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How to eat well in Sardinia

I know that there are plenty of food-loving (or should I say greedy) folk out there, as any time I’ve written something on food I get lots of Yum Yum comments. So I thought I’d give you the low down on what we ate in Sardinia, remembering that Sardinia is actually a province of Italy, so this is also about eating Italian in general.

Before I went to Rome earlier this year, I have to admit I didn’t really get it about eating out in Italy. What I couldn’t work out is how you could stuff yourself with all those courses – I mean antipasto, then pasta, then a full main course! If I was at home a plate of pasta would be plenty.

Eating out in Sardinia

Eating out in Sardinia

But then I realised that;

1. Italians, don’t eat all courses on the menu anyway – just like you they can mix and match.

2. The fish or meat course will often be very plain – a piece of meat or fish with a lightest of salad garnish on the side.

3. This means that where we in the UK would have meat & three veg on one plate, in Italy you could fill up on your pasta and still have room for the meat or fish and a salad.

4. Italians take longer to savour their meal, they chat, argue, talk politics, especially if they’re out in a restaurant with the extended family at the weekend. So all those courses are just a way of prolonging the pleasure of the food and being together.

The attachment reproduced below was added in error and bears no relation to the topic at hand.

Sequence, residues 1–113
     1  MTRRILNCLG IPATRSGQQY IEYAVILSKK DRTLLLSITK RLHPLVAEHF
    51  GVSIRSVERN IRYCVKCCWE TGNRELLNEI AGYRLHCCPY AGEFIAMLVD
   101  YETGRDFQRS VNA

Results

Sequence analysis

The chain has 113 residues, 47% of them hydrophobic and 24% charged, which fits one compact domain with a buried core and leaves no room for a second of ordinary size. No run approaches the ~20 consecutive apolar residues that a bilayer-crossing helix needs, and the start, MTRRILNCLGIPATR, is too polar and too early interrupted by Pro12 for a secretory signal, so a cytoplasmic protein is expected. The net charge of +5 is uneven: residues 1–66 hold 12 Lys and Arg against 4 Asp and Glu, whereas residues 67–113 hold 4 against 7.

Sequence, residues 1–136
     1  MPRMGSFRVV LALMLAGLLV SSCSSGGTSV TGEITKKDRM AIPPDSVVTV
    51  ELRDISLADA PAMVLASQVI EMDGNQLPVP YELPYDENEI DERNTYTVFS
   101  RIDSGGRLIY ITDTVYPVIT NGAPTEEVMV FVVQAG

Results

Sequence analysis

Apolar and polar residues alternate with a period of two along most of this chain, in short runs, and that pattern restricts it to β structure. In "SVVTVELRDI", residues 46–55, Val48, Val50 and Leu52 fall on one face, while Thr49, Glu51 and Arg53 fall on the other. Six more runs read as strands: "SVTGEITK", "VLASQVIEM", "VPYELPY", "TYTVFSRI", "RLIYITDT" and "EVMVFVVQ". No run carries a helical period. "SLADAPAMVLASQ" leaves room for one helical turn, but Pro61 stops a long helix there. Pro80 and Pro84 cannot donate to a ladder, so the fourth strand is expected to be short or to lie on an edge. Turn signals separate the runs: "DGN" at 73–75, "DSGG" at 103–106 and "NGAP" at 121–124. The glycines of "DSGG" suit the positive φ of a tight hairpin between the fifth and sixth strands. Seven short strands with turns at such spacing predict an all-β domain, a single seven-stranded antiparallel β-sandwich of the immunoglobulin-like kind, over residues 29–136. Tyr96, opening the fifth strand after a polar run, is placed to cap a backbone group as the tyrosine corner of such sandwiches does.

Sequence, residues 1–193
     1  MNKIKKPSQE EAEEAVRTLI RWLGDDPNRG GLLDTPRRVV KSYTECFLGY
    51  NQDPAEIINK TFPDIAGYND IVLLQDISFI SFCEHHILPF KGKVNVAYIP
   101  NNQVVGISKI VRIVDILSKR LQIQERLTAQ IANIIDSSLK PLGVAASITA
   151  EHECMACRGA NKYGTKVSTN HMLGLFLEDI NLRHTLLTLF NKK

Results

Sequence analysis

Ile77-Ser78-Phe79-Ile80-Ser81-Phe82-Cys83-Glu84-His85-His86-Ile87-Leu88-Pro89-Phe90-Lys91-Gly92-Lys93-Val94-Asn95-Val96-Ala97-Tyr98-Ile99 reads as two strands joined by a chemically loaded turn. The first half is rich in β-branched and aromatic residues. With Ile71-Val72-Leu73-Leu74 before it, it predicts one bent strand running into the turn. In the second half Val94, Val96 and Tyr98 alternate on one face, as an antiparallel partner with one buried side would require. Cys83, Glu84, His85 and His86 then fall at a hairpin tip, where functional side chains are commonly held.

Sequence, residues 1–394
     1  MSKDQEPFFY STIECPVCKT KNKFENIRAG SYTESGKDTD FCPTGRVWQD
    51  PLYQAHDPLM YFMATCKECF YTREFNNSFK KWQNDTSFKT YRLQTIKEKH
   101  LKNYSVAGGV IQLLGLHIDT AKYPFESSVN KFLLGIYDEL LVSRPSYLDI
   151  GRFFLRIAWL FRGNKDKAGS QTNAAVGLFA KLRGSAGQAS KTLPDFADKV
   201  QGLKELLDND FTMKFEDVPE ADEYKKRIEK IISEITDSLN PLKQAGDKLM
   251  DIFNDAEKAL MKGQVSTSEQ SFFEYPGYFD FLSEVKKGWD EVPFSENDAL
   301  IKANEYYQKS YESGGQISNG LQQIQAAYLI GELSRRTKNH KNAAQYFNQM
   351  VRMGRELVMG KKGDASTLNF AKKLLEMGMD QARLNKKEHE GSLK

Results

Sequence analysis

5. If you’re used to a fast food culture you may find the service unbelievably slow in Sardinia. You need to take a deep breath and remember it’s partly because they don’t want to ruin your enjoyment by rushing you and partly because with Mama in the kitchen and Papa at front of house they are probably massively understaffed.

Antipasto in Sardinia

Antipasto in Sardinia

So back to the things we enjoyed in Sardinia, bearing in mind that my children are not the most adventurous of eaters. Well, the mixed antipasto plates went down well, usually with some olives, air-dried ham, salami and other bits and pieces which were familiar.

And in Sardinia you always get a basket of the local crispy wafer bread called Pane Carrasau to nibble on.

Pane carasau in Sardinia

Pane carasau in Sardinia

Then the pizzas were a favourite, and most restaurants with traditional style cooking seem to have a pizza oven as well. In fact there was even one in our campsite where they put on whatever toppings you wanted, to eat in their cafe or to take away.

Pizza in Sardinia

Pizza in Sardinia

As grown-ups we were a bit more adventurous and often started with a pasta dish, especially home-made ravioli, followed by some meat or fish. On the coast, you will find many seafood specialities and if you’re not sure of what to choose, almost every restaurant will have a mixed seafood platter.

Fish platter in Sardinia

Fish platter in Sardinia

As you move inland, into the mountainous region the menu is more geared to meat. I tried a dish in red wine which I think was rabbit but couldn’t be quite sure, which was served just on it’s own. My husband and son tried a mixed plate of grilled meat, which kept the carnivores happy. It’s all washed down with the local fruity red Cannonau wine.

Dish in red wine in Sardinia

Dish in red wine in Sardinia

Mixed plate of grilled meat